1. Los Fralibos - A song by and for the workers of Fralib

    The workers of Fralib sing about their struggle.

    "Thé de l'Eléphant was born in Provence, it must stay in Provence"

    The workers of Fralib (the Elephant Tea) in Géménos spent 1336 days of struggle against Unilever, the giant multinational behind the Lipton brand. Their collective strength finally managed to make the multinational cave in, and thus SCOPTI coop was born. Their struggle is recounted here by the workers themselves, in French, to the rhythm of the Los Fralibos protest song. 

  2. Social Waste - "At utopia's fiesta"

    A video clip by Greek militant hip-hop collective Social Waste, filmed at the recuperated factory of VIOME.

    Captions available in English, Spanish, Italian, Greek. read more »

  3. Occupy, Resist, Produce – Officine Zero

    The second in a series of short documentaries on the recuperated factories of Europe.

    Officine Zero, former RSI (Rail Service Italia) was dedicated to the maintenance and repair of sleeping cars. When in December 2011 Italian train services decided to stop the night train service and invest in fast track trains, RSI closed. Some 20 workers out of the almost 60 employees strong work force did not accept the closing and took up the struggle. They found support among the activists from the nearby social center, “Strike.” In February 2012 they occupied their work place. Together they started a laboratory on reconversion, organizing public assemblies attended by hundreds of people. read more »

  4. Occupy, Resist, Produce – VIOME

    The third in a series of short documentaries on the recuperated factories of Europe.

    VIOME is a building materials factory in Thessaloniki, Greece, which was abandoned by its owners at the peak of the Greek crisis, in 2011. Subsequently it was occupied by its workers, and has been producing natural detergents under workers' control since 2013. Despite being an emblematic and inspiring struggle, today VIOME is under imminent threat of eviction. read more »

  5. How Workers Laid Off from a Chicago Factory Took It Over Themselves

    When their boss tried to fire them, the workers of Republic Windows and Doors occupied the factory. Now they own it as a cooperative.

    Four years ago, as the recession took hold and layoffs around the country were approaching 500,000 a month, a group of workers in Chicago saved a factory and inspired a nation. Fired by their boss, they occupied instead of leaving. Fired by a second boss, they occupied and formed a worker’s cooperative. Now they are worker-owners of a load of equipment and they’re setting up a factory in a new location. read more »

  6. Proletarian Power: The Turin Factory Councils 1919-1920

    The Bienno Rosso, the two red years which threatened to overthrow Italian capitalism, represents one of the high points of working class struggle in the history of the world labor movement.

    The Turin Factory Council movement which emerged at the height of the Bienno Rosso, the two red years which threatened to overthrow Italian capitalism, represents one of the high points of working class struggle in the history of the world labor movement. read more »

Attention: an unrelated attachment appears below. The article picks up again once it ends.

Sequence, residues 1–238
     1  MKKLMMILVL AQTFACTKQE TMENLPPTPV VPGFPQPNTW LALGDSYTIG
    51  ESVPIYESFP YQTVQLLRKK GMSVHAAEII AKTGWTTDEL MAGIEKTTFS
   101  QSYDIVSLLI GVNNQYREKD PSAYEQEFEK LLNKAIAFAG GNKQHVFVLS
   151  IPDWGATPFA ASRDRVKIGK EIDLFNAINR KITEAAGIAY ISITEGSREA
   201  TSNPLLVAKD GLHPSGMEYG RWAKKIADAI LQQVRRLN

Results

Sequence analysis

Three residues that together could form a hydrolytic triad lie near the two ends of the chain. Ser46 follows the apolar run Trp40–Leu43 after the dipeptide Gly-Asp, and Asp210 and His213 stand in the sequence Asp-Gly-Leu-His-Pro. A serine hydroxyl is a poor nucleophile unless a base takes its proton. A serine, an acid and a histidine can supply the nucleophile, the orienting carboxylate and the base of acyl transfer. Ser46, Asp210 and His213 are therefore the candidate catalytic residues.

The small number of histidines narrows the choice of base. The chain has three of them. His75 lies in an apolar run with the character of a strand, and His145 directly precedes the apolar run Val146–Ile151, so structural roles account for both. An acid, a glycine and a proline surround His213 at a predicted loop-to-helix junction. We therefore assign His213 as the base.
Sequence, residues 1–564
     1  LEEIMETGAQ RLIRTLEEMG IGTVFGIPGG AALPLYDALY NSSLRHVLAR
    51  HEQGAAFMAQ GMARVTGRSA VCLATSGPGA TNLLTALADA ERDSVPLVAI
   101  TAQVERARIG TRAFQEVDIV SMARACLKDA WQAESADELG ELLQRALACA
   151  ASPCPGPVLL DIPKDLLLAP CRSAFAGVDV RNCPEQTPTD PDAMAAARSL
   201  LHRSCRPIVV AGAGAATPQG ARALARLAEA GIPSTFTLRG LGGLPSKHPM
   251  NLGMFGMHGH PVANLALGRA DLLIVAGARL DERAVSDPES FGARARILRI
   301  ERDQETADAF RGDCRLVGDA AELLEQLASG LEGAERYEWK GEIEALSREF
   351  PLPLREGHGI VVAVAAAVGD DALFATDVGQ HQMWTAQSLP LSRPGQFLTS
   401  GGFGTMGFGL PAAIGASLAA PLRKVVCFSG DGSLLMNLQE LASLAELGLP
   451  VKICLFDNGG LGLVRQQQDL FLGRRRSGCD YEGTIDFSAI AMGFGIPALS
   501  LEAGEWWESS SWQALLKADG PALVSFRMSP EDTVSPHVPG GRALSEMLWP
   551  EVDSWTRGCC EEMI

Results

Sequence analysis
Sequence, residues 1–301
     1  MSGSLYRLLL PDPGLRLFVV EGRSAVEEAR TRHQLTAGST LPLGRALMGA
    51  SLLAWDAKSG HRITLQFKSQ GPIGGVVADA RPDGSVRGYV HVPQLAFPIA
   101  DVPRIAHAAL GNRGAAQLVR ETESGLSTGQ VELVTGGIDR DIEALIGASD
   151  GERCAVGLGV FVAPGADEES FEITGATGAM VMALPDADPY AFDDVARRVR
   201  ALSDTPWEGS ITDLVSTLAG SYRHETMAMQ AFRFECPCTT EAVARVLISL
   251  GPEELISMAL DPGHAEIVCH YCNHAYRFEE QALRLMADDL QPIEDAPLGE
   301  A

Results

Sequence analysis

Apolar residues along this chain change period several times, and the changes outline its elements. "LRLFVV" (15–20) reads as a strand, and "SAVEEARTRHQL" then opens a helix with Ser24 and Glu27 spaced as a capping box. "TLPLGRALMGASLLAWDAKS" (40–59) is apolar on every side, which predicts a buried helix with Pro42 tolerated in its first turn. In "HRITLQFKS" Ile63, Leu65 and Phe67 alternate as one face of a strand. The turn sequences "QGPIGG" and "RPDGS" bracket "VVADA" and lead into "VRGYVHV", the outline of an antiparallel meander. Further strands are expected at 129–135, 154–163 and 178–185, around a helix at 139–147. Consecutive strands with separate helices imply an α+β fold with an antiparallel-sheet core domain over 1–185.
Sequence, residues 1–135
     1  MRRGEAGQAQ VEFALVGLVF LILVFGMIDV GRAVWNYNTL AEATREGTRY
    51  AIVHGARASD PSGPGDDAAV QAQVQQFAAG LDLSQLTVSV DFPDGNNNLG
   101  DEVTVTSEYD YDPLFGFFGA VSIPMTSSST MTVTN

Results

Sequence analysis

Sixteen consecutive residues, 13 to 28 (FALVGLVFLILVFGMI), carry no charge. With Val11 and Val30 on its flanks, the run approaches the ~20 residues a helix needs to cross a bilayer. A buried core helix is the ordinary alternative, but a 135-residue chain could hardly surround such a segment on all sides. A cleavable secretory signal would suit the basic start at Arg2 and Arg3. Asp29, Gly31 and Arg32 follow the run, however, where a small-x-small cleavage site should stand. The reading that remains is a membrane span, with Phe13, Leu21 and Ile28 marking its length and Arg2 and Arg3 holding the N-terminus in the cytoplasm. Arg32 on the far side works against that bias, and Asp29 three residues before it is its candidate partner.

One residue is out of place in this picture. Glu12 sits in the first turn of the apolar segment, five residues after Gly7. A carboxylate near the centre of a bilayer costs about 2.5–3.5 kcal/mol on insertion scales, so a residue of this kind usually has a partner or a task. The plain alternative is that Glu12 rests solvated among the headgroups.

7. When the Workers Become the Owners: Taking the Co-op Movement to the Next Level

    An interview with Esteban Kelly and Melissa Hoover, two prominent figures in the worker-cooperative movement.

    There's a revolution taking place in the US workforce - but you may not have heard about it.

    Around the country, workers are starting businesses that they democratically control and that financially benefit them. These businesses, called worker cooperatives, are owned and governed by the employees. Every worker is a member of the co-op, which gives them one share and one vote in the company's operations. read more »

  8. A Deeper Look at the Mondragon Principles 3: The Instrumental and Subordinate Nature of Capital

    Worker Co-ops and their Requirements for Capital within Limits

    “We do not aspire to economic development as an end, but as a means.”

    –Don José María Arizmendiarrieta, spiritual founder of Mondragon read more »

  9. A Deeper Look at the Mondragon Principles 1: Sovereignty of Labor

    Overcoming the Rift Between Worker Coops and the Labor Left

    The Mondragon principle “Sovereignty of Labor” created departure from the cooperative movement. While the Rochdale Pioneers had good intentions, they abandoned worker cooperation in the 1870’s. The Fabian Socialist moved even further from the ideals of Robert Owen declaring consumerism as the lowest common denominator for human relationships eschewing workers as merely another stakeholder group. Even the French cooperativist Charles Gide turned away from worker associations. read more »

  10. A Deeper Look at the Mondragon Principles 2: Participatory Management

    Needed: Self-Management and Workplace Democracy

    The next principle from Mondragon is that of Participatory Management. This seems like a no-brainer for worker co-operatives. What is the point of going through all the work of setting up a worker co-op if the workers don’t actually have a say in how the place is run? They would be better off in a unionized Employee Stock Ownership Program. read more »

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